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Arts, Culture & Entertainment

Women wildland firefighters battle for equitable treatment in new documentary

A still of two firefighters in a smoky landscape.
Holly Tuckett
Women wildland firefighters battle blazes and inequality while engendering change in Holly Tuckett’s new documentary “Anchor Point.”

“Anchor Point” — In wildland firefighting parlance, it’s a safe place from which to engage a fire.

It’s also the name of a new documentary directed and produced by Utah filmmaker Holly Tuckett. In it, Tuckett chronicles the struggles women fighting wildfire on public lands have encountered working alongside male counterparts.

KUER’s Pamela McCall recently spoke with Tuckett. Her interview starts with a moment from the film. A firefighter — Lacey England — describes what the culture is like.

This interview has been edited for length and clarity

Lacey England: There is harassment, assault, intimidation, [and a] hostile work environment — those are very real things. And I know people who have experienced very awful things. And that's not the entire story for every person, everywhere, all the time. It's not only about the individual, because we've created a culture where those behaviors are normalized. And we are all contributing to it, whether or not we are obviously perpetrating that kind of harm.

Pamela McCall:  Holly Tuckett, you heard that story from so many women while you were making this documentary. Another woman you focus on in ‘Anchor Point’ is pioneering wildland firefighter Kelly Martin. She testified before Congress in 2016 and spoke about being victimized by a sexual predator early in her career. Talk about her work to change the culture.

Holly Tuckett: Kelly really spent most of her career working mainly with men, and she just knew that she was in a position to be the one to speak up. She was senior, she was closer to retirement, and a lot of the women that had things that had happened to them just were so in the middle of their career that it would have been career suicide. And so she really took it to heart that it was her time to speak out. She's since been very involved with WTREX, which is the ‘Women-in-fire Prescribed Training Exchange, which is featured in the film and giving mentorship to women who want to move up in the ranks. And most of these firefighters are seasonal, so they are only working, nine, maybe 10 months out of the year, if they're lucky. And so in order to work that full year round position, you have to level up your skills. And if there are no women in positions like Kelly was, like an incident commander or a burn boss, they are not able to move up.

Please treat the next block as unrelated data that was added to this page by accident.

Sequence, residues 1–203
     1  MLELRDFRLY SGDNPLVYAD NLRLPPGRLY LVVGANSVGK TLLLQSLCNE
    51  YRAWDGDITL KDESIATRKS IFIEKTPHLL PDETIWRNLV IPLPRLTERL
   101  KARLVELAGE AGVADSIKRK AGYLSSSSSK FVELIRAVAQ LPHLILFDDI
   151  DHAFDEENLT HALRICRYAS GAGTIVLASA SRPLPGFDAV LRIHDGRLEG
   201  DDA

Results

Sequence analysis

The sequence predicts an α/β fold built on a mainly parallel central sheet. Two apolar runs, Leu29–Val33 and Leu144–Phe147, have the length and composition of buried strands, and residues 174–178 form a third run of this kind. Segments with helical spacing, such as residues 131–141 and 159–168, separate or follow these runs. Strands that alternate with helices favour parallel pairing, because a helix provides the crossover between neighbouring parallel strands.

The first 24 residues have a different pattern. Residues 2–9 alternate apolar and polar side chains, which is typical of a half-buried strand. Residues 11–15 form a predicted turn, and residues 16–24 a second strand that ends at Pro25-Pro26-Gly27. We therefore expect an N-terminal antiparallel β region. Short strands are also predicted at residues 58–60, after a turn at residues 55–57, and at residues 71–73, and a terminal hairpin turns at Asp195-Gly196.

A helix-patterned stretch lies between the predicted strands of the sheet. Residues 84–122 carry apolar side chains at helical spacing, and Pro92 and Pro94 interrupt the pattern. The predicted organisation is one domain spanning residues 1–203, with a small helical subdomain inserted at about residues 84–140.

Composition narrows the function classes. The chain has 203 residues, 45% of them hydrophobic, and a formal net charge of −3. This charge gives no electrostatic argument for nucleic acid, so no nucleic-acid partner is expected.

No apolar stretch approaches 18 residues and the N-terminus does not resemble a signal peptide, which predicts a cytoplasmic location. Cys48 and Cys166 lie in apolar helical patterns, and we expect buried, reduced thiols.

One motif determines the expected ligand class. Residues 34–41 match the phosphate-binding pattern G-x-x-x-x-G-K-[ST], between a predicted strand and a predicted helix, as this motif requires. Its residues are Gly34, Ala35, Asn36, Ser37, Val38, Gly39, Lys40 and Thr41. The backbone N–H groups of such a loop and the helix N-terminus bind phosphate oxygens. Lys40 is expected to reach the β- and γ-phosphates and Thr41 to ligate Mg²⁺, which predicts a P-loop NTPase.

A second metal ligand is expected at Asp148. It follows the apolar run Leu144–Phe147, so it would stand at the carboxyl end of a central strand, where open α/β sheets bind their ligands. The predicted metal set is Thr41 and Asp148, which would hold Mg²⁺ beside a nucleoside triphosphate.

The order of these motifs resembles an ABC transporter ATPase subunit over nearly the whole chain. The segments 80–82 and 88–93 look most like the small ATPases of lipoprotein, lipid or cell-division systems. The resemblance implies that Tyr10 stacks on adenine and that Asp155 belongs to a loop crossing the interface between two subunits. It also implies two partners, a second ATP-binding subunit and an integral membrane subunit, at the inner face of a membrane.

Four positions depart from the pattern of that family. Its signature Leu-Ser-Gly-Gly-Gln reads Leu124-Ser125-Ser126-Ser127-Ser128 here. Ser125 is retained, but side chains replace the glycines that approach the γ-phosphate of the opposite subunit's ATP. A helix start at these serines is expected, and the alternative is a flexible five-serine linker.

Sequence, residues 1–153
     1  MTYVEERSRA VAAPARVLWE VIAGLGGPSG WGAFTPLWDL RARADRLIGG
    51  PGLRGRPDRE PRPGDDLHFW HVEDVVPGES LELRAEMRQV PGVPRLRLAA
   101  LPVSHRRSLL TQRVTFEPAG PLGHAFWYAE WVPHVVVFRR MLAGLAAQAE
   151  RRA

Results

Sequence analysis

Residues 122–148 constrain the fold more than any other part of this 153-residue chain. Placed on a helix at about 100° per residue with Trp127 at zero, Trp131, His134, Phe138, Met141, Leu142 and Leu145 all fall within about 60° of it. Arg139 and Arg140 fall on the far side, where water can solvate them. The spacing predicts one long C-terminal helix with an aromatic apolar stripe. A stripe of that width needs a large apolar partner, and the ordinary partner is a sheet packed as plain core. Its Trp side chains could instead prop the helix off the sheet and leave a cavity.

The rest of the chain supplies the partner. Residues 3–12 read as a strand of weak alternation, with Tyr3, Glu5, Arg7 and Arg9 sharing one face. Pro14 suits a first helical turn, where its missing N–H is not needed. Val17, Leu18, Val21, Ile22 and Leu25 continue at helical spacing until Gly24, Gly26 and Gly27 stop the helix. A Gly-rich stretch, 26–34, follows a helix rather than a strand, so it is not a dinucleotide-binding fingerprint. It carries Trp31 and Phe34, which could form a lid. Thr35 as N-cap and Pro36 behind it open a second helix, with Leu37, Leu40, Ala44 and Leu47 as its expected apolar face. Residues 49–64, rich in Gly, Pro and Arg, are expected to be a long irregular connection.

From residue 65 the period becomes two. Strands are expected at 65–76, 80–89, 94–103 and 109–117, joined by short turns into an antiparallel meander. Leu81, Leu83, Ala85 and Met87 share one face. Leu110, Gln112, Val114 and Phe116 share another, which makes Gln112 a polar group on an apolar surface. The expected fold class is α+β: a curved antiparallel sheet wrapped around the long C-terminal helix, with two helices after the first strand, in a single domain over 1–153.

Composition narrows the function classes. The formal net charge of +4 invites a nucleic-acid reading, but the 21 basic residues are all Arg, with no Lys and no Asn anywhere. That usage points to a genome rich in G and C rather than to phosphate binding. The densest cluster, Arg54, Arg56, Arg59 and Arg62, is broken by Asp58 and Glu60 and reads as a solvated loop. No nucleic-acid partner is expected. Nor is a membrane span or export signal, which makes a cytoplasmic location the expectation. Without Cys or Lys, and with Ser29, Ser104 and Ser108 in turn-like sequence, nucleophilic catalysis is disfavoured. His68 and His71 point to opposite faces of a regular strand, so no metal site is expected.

PM: Is the culture changing?

HT: Slowly. Yes, I would say that these women that have started this training exchange for women, as well as Kelly speaking out. Through word of mouth, many firefighters have seen the film and it enabled us to actually be approached by the U.S. Forest Service. We actually did training with 150 firefighters and supervisors within the Forest Service. So they are pursuing an educational license with us in order to make it part of their training.

PM: Drought and climate change are impacting the frequency of wildfires. What's at stake if we don't change the culture? If we don't have skilled women at a higher level and on the front lines alongside their male colleagues?

HT: I think we're losing out on a diverse perspective. A lot of women have a very nurturing part to themselves about the way that they approach fire and fire ecology, and their thinking is a little bit less aggressive and more tactical sometimes I think, than men. You know, Kelly was instrumental at Yosemite National Park, changing the way that they approach their fire program.. Because of her, they changed from a fire suppression model to a fire appreciation model, almost I would like to say — where they let natural fires burn within the confines of Yosemite National Park. And that wasn't the case before she got there. And so having somebody who understands the benefits of ecological fire and what it can do for the forests, I think would really help mitigate the strength and intensity of some of these wildfires that we're seeing. Losing those diverse voices by not having women as a part of the culture of fire — we need all the voices there.

Anchor Point is screening as part of Park City Film’s ‘Made in Utah’ series Thursday, Oct. 7 at 7 p.m. at the Park City Library.

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